List Price: £12.99
Price: £12.32
“How to Detect Developmental Delay and What to Do Next: Practical Interventions for Home and School” by Mary Mountstephen

An excellent book which looks at primitive reflexes and their effects on learning and the special education system. Lots of useful information in very readable language. Mary is a wonderful colleague whose work is invaluable.





 

Costs & Prices

Services and Costs. 

  • Full Assessment and report – £350
  • Legal /tribunal  reports £450-£600 (hourly rate applied @£75 per hour)
  • School visit £75 per hour plus travel
  • Group sessions £15 /£20 per hour
  • Training  – £150 per hour, £250 /2hr session/ £350 /3hr session.
  • Hourly therapy £60 (negotiable if child is very young)
  • Block bookings £45 per hour for 4-6 sessions booked in advance
  • mini assessment 1 1/2 hours observations and feedback (no report) £120

 

Training courses from Therapy Space

Courses can be booked at any time to suit your needs whether for a school inservice day, evening meeting or support group. I have run many courses for Social Services (fostering and adoption services), Bristol Autism Project and many in educational settings. Fees are charged by the hour.

Rates

1 hour costs £125

2 hours cost £250

3 hours cost £350

Courses offered:

  1. An introduction to Sensory Processing Disorder  (1 hour, 2 hours or more practical 3hour sessions dependent on what you need.)
  2. Sensory processing and attachment difficulties.
  3. Introduction to different conditions such as DCD, Dyspraxia, ADHD, ASperger’s ASD and more.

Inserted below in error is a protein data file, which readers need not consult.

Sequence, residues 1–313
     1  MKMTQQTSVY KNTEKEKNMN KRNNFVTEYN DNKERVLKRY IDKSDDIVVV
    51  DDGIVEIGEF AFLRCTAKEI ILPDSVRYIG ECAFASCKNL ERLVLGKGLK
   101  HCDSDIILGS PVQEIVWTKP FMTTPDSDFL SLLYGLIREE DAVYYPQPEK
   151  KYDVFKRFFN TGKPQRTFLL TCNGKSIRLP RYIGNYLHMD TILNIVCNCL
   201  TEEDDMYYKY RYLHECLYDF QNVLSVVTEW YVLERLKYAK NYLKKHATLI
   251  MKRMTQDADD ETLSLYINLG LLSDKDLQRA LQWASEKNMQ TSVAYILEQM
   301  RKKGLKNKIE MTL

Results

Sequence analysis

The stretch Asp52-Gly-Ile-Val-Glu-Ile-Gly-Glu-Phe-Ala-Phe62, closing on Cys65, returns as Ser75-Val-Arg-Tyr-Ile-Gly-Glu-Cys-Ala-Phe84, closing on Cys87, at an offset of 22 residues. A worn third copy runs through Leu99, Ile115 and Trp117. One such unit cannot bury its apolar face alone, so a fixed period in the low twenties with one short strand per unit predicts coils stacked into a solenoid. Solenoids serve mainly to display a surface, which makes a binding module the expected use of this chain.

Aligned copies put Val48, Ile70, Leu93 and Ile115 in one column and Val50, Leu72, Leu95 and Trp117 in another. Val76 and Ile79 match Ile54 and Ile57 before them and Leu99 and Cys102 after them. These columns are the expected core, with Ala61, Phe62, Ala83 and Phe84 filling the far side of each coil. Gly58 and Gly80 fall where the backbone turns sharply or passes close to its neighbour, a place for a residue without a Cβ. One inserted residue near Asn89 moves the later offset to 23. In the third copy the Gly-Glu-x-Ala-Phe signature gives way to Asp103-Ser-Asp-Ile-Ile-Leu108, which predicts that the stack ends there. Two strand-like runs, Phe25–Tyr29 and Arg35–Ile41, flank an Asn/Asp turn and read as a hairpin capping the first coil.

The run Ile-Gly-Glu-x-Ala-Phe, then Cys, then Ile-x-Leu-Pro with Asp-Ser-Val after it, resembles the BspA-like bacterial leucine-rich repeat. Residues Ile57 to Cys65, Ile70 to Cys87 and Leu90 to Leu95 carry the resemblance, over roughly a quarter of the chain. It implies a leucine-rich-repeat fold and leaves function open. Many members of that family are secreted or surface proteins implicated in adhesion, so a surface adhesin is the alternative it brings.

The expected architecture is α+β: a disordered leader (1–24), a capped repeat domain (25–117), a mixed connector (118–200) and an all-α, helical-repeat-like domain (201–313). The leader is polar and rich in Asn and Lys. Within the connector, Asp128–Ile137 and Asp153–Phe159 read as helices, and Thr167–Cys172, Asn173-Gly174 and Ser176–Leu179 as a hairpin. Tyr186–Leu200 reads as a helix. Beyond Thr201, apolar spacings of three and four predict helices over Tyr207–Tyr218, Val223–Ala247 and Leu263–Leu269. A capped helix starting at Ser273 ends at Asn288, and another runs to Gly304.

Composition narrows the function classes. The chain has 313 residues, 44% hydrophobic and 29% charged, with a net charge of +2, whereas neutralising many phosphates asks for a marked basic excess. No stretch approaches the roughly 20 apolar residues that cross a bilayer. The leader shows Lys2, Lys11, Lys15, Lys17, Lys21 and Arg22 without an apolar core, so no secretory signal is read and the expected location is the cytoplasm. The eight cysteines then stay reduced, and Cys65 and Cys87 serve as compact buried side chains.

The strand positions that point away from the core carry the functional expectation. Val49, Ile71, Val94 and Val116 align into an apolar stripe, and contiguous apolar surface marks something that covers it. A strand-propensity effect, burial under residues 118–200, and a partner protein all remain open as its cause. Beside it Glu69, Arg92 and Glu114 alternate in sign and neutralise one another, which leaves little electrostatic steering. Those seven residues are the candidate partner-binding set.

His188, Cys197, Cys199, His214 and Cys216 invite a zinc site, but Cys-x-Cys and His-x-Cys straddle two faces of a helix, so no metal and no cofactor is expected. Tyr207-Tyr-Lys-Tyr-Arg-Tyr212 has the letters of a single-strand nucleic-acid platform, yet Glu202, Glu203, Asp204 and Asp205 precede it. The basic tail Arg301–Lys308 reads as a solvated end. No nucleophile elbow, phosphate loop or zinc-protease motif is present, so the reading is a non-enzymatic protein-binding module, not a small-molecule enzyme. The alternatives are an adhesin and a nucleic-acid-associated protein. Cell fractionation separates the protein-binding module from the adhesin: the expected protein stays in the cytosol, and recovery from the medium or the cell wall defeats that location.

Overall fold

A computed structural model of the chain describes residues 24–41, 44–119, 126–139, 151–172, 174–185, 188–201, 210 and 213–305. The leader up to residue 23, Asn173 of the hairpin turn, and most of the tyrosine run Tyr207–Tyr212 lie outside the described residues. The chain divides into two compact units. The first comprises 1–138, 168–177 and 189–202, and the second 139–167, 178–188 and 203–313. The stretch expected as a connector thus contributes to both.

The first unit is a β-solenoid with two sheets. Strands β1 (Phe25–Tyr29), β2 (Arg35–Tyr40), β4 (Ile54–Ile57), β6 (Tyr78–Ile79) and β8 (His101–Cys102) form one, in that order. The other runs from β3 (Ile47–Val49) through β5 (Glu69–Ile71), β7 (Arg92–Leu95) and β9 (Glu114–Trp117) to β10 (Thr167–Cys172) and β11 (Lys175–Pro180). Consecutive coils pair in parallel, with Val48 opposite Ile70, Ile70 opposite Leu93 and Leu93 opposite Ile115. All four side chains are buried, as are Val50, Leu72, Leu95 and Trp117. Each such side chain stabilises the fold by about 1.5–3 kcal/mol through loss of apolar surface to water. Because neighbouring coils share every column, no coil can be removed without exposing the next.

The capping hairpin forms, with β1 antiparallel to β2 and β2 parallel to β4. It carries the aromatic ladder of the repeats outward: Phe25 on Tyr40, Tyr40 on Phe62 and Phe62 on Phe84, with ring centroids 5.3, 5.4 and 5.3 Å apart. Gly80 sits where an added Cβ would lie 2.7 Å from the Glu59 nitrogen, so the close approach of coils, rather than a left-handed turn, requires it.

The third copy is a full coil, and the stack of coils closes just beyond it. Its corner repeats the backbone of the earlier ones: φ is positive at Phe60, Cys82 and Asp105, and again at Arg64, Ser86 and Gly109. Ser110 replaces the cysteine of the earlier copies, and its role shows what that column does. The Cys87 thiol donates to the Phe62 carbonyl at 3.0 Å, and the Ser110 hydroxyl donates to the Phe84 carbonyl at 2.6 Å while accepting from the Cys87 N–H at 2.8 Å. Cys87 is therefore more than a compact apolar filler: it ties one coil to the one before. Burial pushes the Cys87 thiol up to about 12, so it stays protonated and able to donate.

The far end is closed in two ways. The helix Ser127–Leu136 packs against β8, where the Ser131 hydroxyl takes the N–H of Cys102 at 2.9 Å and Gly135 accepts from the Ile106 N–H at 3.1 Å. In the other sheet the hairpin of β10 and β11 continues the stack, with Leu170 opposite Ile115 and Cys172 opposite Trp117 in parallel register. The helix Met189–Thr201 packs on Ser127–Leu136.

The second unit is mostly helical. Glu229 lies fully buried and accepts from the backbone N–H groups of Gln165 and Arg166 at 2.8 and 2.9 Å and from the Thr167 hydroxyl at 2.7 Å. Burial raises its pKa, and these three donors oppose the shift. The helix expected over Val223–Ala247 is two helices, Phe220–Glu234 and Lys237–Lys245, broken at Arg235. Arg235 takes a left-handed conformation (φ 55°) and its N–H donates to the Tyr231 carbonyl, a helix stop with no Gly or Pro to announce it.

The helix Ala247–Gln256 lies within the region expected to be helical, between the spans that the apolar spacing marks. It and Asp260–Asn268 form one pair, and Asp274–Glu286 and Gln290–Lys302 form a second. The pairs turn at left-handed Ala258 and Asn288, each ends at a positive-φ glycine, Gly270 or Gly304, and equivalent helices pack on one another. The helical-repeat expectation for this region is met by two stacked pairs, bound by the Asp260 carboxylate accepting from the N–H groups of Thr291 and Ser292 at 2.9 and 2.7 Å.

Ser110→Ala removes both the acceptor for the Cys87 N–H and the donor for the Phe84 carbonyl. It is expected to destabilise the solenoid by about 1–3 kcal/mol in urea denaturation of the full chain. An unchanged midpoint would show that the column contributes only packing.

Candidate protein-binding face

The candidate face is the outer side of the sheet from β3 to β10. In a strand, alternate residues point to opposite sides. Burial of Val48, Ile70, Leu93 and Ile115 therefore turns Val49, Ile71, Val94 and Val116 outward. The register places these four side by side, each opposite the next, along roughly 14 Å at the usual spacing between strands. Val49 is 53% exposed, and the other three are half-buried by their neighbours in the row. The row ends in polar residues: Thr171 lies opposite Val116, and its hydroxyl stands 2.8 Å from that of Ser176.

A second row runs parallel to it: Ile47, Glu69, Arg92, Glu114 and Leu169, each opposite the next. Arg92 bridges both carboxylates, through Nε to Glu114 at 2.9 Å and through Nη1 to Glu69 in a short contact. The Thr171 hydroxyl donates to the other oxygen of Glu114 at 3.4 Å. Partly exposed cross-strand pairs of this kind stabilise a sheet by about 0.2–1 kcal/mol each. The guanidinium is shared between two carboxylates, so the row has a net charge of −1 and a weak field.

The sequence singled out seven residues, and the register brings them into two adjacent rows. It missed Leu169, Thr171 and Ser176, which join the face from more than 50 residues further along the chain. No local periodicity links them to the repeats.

4. Developing and Supporting Handwriting  : this will present why handwriting is a problem, what techniques help develop skills from a physical perspective, fine motor perspective and use of different programs, such as Handwriting without tears, Speed up program etc.

 

 

Reactive Attachment Disorder

Reactive Attachment Disorder (RAD) arises from a failure to form normal attachments to primary caregivers in early childhood. Such a failure could result from severe early experiences of neglect, abuse, abrupt separation from caregivers between the ages of six months and three years, frequent change of caregivers, or a lack of caregiver responsiveness to a child’s communicative efforts.

Not all, or even a majority of such experiences, result in this disorder.

Attachment disorders can be treated using an innovative new type of working with children and their carers called Sensory Attachment Intervention “SAI”. I have had specialist training with the founder of this whole practice called Eadiaone Breathnach who is truly inspiring and has given me a different way of approaching difficulties.

I am able to offer Sensory attachment intervention for children and parents and the usual course would be anything from 6 weeks to 12 weeks. Working with the child from a sensory perspective is fascinating and can help address many difficult behaviours through sensory strategies applied at home.

Please call for more information if you are a parent, adoptive parent, foster parent and require support in this matter.

 

Read about more diagnosed conditons

Adults